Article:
Creating an Open and Safe Campus

First in Israel: a rapid saliva tests for COVID-19 field-tested at Technion City.

First in Israel: a COVID-19 test developed at Technion offers rapid testing on campus to prevent chains of infection

In the midst of the Coronavirus pandemic, a rapid and extensive testing operation developed at Technion benefits all residents of Technion City

While Israel undergoes a mass vaccination program, the ongoing window of risk is being closed at Technion through an innovative system of rapid testing for COVID-19. 

The Technion announced the extensive testing operation as a fundamental protective measure for dormitory residents. The “NaorCov19” test being used in Haifa was developed in April 2020 by Professor Naama Geva-Zatorsky of the Ruth and Bruce Rappaport Faculty of Medicine.

“To protect the health of campus visitors and residents, to lead as normal a lifestyle as possible, and to return to routine life during the pandemic, it is necessary to break the chain of infection rapidly, through effective monitoring and diagnosis,” said Technion President, Professor Uri Sivan. “Living alongside COVID-19 is an enormous challenge for all the population, and I hope and believe the rapid implementation of the novel technologies developed by Technion researchers will assist us in arresting the spread of the virus, and that it will serve as a model for other places across the country.”

The technology has been commercialized by the Technion for further development by Rapid Diagnostic Systems ltd., which is developing the molecular diagnostic platform under the name “Naor.” (  The technology had been field-tested and developed in collaboration with multiple institutions and researchers including MAFAT (the R&D arm of the Israeli Ministry of Defence) and the Rambam Health Care Campus. 

The NaorCov19 test rapidly detects the SARS-CoV-2 virus and is based on a saliva sample and a short isothermal process that can be done on-premises. The process takes less than an hour if done on-site, and dozens or even hundreds of samples can be processed simultaneously. Technion students and staff leave saliva samples at stations around campus and use their phones to record it. They are then electronically notified about the results within a few hours of the sample collection.  The Technion community members are encouraged to be tested at least once a week, in order to reduce the risk of campus infection.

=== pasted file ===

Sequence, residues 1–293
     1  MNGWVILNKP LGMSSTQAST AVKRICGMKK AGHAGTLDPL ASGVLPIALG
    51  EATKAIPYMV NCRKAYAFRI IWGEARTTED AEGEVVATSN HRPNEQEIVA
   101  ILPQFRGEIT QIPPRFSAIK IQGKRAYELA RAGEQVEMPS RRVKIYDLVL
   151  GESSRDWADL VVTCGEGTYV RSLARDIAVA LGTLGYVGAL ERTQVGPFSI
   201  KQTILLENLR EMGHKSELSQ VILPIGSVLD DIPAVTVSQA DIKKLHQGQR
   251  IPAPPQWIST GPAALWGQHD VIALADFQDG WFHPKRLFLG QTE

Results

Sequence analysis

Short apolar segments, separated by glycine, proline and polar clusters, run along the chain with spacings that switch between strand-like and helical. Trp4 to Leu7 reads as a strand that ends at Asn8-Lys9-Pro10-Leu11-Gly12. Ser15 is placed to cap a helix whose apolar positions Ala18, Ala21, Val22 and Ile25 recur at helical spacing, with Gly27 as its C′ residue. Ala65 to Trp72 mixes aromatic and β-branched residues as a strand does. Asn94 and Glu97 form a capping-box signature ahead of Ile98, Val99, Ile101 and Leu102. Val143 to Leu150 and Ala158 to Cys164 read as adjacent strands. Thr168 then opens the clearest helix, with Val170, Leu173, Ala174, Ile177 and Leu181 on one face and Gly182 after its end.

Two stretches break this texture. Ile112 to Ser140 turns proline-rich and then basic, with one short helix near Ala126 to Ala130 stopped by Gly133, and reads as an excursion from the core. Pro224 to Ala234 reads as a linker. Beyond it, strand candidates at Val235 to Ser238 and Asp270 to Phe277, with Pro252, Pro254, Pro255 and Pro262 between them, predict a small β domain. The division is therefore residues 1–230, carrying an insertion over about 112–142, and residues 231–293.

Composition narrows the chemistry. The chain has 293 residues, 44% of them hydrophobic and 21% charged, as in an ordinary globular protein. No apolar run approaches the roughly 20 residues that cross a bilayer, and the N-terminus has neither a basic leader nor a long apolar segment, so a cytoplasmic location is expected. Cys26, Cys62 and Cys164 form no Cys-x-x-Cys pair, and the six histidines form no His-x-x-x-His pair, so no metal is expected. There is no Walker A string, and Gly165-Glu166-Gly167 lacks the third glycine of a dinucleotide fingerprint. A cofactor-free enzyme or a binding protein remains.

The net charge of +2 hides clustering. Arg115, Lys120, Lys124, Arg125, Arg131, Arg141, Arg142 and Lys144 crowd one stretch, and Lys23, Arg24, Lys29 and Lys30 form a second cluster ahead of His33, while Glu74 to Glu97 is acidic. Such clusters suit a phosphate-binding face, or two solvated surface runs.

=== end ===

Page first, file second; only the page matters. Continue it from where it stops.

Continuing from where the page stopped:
Thanks to its simplicity, the NaorCov19 is suitable for rapid testing on campuses and schools, at workplaces, airports and even onboard airplanes. It is also scheduled for self-testing at home.

The on-campus Naor tests are being performed as part of a study that has received the approval of the local institutional review board (IRB).

At the start of the 2020-21 academic year, the Technion administration announced the “Creating an Open and Safe Campus” initiative, which offers multi-layered protection of campus visitors. 

The First Layer is strict adherence to the “purple badge” rules: wearing a mask, hygiene, and social distancing. 

The Second Layer involves the monitoring of the campus sewage system using novel technology developed at Technion by Professor Eran Friedler of the Department of Environmental and Water Engineering. Sewage testing supports the monitoring of a large population, effectively and rapidly locating cases without the need to reach each individual. It has already effectively disrupted potential chains of coronavirus infection.

The soon to be implemented Third Layer is the Technion-developed “NaorCov19” test. This individual, rapid, and non-invasive system will help track and diagnose cases on campus. 

The Fourth Layer involves regular PCR tests for those who have relevant symptoms or who test positive on the “NaorCov19” test. Since the “NaorCov19” test is still waiting for the approval of Israel’s Ministry of Health, persons who test positive go on to take a regular PCR test for confirmation.

The “Creating an Open and Safe Campus” project is led by Executive Vice President for Research Professor Koby Rubinstein, Professor Avigdor Gal of the Faculty of Industrial Engineering & Management and Professor Danny Raz of the Henry and Marilyn Taub Faculty of Computer Science.